If you bought a computer or a video game console from 1998-2002, chances are someone owes you ten bucks.
Twelve computer chip makers have agreed to pay out $310 million to settle claims that they artificially fixed the prices of "DRAM," a small but critical component that goes into nearly every computer and some kinds of video game consoles.
The class action lawsuit, "Re: Dynamic Random Access Memory (DRAM) Antitrust Litigation," collects together and wraps up nearly a decade worth of suits brought by individual states' attorneys general against some of the biggest chip makers in the business.
According to the suit, the way the DRAM makers worked is they would keep warehouses of their chips near the facilities of computer manufacturers, who needed large amounts readily available. The suit avers the chip makers negotiated contracts with the computer makers on a regular basis and to drive up the price, hundreds of employees at competing firms would share price information with one another and create artificial shortages.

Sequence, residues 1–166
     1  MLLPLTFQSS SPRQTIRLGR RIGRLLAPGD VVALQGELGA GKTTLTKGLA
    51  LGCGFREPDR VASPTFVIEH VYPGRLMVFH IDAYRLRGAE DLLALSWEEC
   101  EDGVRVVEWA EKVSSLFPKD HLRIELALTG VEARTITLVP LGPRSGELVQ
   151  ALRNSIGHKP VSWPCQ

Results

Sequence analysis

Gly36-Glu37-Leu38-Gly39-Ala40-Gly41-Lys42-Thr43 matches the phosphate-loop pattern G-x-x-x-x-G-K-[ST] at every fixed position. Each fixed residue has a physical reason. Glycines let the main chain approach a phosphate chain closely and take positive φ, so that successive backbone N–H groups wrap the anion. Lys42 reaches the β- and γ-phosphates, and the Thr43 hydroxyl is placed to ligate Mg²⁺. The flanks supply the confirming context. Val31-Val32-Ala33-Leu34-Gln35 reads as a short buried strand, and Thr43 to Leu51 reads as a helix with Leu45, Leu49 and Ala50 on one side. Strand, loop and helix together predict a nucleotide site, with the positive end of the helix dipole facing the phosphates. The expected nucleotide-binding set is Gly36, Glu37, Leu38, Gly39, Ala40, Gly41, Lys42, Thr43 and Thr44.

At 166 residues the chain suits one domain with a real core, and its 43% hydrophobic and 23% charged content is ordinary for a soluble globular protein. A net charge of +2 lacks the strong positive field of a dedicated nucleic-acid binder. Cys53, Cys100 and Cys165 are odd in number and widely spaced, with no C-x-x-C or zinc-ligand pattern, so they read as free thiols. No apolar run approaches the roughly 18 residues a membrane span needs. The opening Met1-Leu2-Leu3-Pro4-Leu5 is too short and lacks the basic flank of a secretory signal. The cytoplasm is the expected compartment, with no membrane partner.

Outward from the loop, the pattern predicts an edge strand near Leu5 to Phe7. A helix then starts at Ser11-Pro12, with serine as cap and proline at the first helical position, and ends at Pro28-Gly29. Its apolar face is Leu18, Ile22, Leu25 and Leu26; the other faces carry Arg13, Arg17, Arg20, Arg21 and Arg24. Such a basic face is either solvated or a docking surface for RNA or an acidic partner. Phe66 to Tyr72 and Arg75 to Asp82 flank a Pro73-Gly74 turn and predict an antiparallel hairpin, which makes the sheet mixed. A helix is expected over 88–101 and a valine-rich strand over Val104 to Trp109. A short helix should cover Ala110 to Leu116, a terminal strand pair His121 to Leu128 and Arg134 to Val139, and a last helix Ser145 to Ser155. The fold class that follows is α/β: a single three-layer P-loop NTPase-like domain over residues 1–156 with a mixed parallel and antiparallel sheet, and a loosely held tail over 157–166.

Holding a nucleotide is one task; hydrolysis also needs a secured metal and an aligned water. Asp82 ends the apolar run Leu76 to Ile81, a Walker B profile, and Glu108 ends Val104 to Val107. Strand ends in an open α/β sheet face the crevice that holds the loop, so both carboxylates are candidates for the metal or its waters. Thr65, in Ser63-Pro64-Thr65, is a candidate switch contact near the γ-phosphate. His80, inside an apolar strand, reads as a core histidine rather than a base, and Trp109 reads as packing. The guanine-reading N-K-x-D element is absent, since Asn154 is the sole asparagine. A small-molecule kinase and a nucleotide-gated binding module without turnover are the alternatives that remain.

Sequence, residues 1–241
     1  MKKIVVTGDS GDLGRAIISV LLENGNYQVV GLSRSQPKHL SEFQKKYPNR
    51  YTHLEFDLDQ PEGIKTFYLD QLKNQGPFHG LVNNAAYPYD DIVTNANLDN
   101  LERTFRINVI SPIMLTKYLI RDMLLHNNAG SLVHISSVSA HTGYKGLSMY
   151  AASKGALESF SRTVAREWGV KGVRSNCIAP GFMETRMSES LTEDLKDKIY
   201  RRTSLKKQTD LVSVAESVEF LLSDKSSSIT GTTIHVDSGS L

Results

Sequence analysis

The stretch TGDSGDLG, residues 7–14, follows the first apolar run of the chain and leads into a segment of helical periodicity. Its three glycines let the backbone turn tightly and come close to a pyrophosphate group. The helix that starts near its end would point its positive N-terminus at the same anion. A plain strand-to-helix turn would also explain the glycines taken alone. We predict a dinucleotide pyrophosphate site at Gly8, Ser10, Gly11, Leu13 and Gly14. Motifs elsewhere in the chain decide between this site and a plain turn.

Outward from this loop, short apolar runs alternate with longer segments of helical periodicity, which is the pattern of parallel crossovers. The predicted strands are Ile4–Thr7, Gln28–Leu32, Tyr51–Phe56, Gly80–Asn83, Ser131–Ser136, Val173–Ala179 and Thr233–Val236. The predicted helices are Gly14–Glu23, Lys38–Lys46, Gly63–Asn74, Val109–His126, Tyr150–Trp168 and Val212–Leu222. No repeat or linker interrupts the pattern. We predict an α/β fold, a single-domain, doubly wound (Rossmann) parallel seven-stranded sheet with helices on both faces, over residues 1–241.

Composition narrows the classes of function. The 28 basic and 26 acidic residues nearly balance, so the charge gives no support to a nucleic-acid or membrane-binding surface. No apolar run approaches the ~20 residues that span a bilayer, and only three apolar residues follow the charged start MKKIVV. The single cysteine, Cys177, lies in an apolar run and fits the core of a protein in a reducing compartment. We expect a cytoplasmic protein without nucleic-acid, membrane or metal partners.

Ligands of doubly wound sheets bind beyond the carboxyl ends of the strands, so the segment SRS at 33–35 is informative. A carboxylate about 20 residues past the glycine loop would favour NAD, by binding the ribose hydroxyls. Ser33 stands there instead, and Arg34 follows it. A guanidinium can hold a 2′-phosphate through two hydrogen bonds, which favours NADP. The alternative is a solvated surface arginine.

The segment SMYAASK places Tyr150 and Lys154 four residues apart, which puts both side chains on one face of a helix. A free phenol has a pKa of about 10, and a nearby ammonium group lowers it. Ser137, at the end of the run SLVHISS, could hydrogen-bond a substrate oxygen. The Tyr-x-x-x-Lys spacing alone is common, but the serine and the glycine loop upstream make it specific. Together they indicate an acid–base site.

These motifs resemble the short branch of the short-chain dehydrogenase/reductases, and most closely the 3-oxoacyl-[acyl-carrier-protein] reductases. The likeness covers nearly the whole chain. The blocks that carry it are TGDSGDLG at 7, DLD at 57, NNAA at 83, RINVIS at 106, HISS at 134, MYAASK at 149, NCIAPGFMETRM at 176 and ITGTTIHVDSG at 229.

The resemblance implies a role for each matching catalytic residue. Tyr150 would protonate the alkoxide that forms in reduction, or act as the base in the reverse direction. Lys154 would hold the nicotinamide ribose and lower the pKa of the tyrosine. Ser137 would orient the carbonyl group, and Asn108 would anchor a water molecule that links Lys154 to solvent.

These inflated prices got passed along to millions of consumers from computer makers including, but not limited to Apple, Dell, Gateway, IBM, Compaq and Hewlett Packard.
The defendants named in the suit were Samsung, Toshiba, Micron, Mitsubishi, NEC, Elpida, Hitachi, Hynix, Infineon, Mosel, Nanya and Winbond.
No documentation is required to file a claim at DRAMclaims.com. Numerous gadgets and gizmos bought between January 1, 1998 to December 31, 2002 are eligible, including desktops, laptops, printers, DVD players and MP3 players and more. Do you have fond memories of picking up an original PS2, GameCube, XBOX or Sega Dreamcast when they were new? You could get $10 as well.